Mr. O'NEIL: Actually, I am to blame for much of this. Seriously.
STEWART: Oh, no.
Mr. O'NEIL: In the middle of the night Wednesday night - I'd heard earlier in the day from so many members of the Hollywood Foreign Press who thought that they have been bamboozled by NBC, who just took over these revamps kind of press conference show and calling it a press conference, and it wasn't. Those of us in the media were not allowed to carry it live. They had this exclusivity to it. The L.A. Times - we were thinking of boycotting it entirely, and I quoted a lot of these members who were ridiculing the fact that this was a Billy Bush, Nancy O'Dell one-hour "Access Hollywood" spinoff.
And it was so scathing, that by the time it hit the Web in the morning, it was picked up by Defamer in Media Bistro, and about 150 blogs. And it spread so fast that pretty soon it gave the Dick Clark people leverage to start asking for money. And by the end of the day, the whole thing collapsed. And last night, when I saw Jorge Camara, the president of HFPA, he said, oh, Tom, we hated you so much Thursday…
(Soundbite of laughter)
Mr. O'NEIL: …and he said, but it worked out great. Thank you.
STEWART: So, aside from all of the writers strike issues, and we can debate whether or not that the award ceremony last night was good or bad for the Hollywood Foreign Press - I still say it's not so good - let's talk about the winners. There weren't just the usual suspects, which I think is too bad there wasn't a lot of coverage for this. Which winners did you really agree with?
Mr. O'NEIL: I really rarely - as an awards expert, I rarely agree with the winners. For example, like, where was Ellen Page? I think she's the front-runner for best actress at the Oscars…
STEWART: Of "Juno," yeah.
Mr. O'NEIL: …with "Juno," yeah. And instead, we had Julie Christie and Mario Cotillard. A lot of people are now wondering, could this be the first year ever that the two winners of best picture at the Globes - because remember they give them up for dramas and comedy separately…
Mr. O'NEIL: …and they were "Atonement" and "Sweeney Todd." Could both of them actually not be nominated for best picture at the Oscars? That has never happened. And "Atonement" is losing steam, and "Sweeney" - which is my favorite of the year - are both losing steam. And…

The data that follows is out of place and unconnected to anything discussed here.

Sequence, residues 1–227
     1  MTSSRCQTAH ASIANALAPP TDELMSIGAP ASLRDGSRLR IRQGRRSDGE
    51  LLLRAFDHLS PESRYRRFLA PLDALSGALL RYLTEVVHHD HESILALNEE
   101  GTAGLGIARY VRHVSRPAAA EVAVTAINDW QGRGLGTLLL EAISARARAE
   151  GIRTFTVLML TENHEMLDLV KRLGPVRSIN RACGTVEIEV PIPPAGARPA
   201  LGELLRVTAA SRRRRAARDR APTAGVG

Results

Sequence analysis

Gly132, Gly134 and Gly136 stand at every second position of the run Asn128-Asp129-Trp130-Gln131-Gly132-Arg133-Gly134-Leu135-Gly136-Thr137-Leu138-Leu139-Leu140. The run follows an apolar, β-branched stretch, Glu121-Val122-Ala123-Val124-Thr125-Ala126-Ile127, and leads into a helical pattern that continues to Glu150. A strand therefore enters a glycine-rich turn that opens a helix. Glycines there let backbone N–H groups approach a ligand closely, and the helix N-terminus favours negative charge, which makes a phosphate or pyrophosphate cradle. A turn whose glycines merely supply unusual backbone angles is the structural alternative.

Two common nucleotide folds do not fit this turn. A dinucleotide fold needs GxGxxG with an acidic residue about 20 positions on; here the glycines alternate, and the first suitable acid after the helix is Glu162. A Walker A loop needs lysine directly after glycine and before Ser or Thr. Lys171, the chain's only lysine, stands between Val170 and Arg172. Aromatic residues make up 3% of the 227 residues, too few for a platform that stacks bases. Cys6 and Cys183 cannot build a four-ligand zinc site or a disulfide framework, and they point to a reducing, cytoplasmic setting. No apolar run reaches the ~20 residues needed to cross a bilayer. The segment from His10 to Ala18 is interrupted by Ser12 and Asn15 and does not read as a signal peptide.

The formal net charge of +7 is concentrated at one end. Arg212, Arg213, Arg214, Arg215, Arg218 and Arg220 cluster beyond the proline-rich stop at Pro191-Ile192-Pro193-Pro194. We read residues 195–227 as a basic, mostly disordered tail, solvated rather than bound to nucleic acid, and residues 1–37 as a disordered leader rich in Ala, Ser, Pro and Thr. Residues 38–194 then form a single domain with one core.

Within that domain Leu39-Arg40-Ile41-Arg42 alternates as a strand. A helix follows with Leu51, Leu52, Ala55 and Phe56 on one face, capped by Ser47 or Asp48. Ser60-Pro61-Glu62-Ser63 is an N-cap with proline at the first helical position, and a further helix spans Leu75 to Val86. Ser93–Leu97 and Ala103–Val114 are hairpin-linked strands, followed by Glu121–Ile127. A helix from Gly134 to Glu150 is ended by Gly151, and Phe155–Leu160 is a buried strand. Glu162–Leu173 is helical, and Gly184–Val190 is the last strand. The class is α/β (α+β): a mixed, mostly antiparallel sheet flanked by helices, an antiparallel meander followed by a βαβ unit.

STEWART: I thought it was interesting that for the television category that two shows, which aren't really big hits in the sense of "Mad Men" for best drama, and I believe it was…
Mr. O'NEIL: "Extras."
STEWART: …"Extras" for best comedy, I thought that was an interesting - those were two interesting choices.
Mr. O'NEIL: The "Mad Men" sweep - let me tell you, this is kind of the little interesting behind-the-scenes thing - was engineered by a man named Murray Weissman who is not only one the chief Oscar campaigners and the man who made "Crash's" upset over "Brokeback Mountain" prevail, he's arguably the father of all Oscar campaigning. And he got the "Mad Men" account, and it's a deserving show, granted. But it's in real trouble ratings wise, and he pulled off a coup. So a lot of us who are in this industry just looked at each other after the "Mad Men" sweep last night and went, Murray did it again.
STEWART: Murray - I sense a story on Murray. Hey, Tom O'Neil, columnist for the L.A. Times, thanks for waking up early and joining us. We appreciate it.
Mr. O'NEIL: It was fun. Thanks, Alison.
NPR transcripts are created on a rush deadline by Verb8tm, Inc., an NPR contractor, and produced using a proprietary transcription process developed with NPR. This text may not be in its final form and may be updated or revised in the future. Accuracy and availability may vary. The authoritative record of NPR’s programming is the audio record.